Steven Pearlstein, among participants in Rules Change: The DC Gathering at George Mason University.

Brookings made public a white-paper by Steven Pearlstein, Pulitzer Prize-winning economics columnist for The Washington Post, in conjunction with the Jan. 10 gathering, entitled: “Social Capital, Corporate Purpose and the Revival of American Capitalism.” Pearlstein was among participants.  A key conclusion of his 22-page paper: A new generation of younger employee-managers will push corporations away from the “straighjacket of shareholder value” because they will only stay with workplaces that offer “meaning and social value.” (DOWNLOAD PAPER)

In the end, roundtable participants adjourned having kicked around multiple concrete ideas, but without explicitly seeking consensus on the question which began their meeting: “What problems are we trying to solve in corporate governance reform?”   However, organizers  pledged that the meeting was the first of several planned.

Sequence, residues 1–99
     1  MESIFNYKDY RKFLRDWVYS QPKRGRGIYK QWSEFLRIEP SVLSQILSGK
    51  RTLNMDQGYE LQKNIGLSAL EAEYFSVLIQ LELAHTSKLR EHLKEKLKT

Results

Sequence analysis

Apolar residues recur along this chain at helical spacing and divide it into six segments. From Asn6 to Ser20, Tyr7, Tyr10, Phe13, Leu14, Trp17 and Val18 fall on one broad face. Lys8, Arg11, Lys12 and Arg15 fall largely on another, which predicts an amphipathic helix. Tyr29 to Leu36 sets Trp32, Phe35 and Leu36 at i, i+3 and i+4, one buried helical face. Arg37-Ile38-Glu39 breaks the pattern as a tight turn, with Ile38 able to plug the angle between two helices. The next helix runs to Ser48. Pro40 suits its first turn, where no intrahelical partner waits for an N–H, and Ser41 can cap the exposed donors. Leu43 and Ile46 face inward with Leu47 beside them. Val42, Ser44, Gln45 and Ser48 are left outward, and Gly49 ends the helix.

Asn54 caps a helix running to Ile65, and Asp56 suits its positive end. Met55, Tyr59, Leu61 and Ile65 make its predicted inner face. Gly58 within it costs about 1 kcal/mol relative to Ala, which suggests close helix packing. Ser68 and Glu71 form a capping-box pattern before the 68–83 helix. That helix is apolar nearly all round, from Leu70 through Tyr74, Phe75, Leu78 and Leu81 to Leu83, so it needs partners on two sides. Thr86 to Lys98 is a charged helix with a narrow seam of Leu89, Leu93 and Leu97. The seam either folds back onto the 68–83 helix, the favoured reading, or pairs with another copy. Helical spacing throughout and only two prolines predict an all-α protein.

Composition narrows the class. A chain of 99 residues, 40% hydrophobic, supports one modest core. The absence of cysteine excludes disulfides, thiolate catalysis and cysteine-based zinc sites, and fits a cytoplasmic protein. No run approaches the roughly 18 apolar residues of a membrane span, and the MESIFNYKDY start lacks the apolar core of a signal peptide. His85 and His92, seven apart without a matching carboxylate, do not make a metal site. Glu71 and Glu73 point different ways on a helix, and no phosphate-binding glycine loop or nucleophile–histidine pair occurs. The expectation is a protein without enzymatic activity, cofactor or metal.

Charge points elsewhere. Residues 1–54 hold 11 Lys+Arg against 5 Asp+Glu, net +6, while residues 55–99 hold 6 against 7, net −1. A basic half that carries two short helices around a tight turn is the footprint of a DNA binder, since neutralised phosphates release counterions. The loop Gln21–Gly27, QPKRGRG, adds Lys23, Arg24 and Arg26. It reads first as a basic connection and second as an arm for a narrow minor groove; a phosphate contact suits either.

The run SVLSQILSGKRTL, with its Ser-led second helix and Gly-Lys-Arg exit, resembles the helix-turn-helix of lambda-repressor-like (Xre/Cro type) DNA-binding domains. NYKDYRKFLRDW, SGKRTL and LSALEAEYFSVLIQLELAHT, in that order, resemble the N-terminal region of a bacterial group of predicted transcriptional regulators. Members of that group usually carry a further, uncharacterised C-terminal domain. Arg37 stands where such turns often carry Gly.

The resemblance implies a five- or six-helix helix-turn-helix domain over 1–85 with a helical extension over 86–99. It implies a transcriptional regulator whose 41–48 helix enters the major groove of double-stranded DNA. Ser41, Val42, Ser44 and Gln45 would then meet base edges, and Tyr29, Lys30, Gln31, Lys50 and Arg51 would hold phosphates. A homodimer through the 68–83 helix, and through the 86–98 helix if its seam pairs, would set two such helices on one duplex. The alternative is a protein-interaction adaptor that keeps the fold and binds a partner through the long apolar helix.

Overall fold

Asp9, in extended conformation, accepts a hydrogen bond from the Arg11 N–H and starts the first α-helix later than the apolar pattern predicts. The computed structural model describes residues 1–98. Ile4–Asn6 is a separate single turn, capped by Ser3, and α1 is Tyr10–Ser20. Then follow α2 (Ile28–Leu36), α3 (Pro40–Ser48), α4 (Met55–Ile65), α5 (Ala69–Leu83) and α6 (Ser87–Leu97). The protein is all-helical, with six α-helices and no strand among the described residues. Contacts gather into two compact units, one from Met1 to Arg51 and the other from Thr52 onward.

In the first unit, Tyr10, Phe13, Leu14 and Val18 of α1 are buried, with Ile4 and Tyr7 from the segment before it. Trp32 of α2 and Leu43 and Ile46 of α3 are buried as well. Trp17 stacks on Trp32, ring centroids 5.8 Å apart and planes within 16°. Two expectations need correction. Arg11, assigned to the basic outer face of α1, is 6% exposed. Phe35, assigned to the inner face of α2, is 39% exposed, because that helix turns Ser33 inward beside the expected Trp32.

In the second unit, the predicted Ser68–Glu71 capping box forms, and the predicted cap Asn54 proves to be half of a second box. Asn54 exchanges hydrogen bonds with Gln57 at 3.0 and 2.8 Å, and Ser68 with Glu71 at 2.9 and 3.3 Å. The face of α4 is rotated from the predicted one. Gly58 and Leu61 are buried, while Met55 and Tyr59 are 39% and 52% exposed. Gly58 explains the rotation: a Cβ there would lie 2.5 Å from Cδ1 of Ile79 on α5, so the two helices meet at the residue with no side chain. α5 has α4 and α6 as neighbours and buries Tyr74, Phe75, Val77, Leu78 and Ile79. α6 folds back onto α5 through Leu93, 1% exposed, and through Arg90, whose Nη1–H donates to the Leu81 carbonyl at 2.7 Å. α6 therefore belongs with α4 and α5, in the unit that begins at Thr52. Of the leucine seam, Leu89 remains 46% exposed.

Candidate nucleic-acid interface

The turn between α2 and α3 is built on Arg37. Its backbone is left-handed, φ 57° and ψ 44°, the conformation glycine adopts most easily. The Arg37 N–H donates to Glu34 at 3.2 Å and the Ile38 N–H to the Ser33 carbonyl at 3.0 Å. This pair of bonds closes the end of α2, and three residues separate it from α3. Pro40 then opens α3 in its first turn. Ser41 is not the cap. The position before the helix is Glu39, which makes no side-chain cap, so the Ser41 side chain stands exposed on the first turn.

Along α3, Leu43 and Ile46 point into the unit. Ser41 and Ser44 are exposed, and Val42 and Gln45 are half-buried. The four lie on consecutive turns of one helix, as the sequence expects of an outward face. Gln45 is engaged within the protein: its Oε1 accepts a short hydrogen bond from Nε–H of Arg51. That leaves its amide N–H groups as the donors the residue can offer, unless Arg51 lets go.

“Chatham House Rule”

The basis for the roundtable discussion was the “Chatham House Rule” — No public quotation of individuals by name without their permission, a rule made in hopes of promoting uninhibited dialogue.  Social-media tweeting was permitted. “How can we restore public confidence in business?” tweeted Elaine C. Kamarck, director of the Brookings Center for Effective Policy Management, a Harvard Kennedy School lecturer, and a co-convenor of the Madison Avenue gathering.

One participant wondered: Is a 50-year-trend toward a single-minded boardroom focus on increasing short-term stock price, so-called “shareholder capitalism” the reason why the public in polls has the lowest-ever respect for American corporations? Declared another participant: “If business doesn’t take the lead, this country is going to be harmed and disadvantaged.” A third asked: “How can we design policies that enhance America’s global competitiveness?”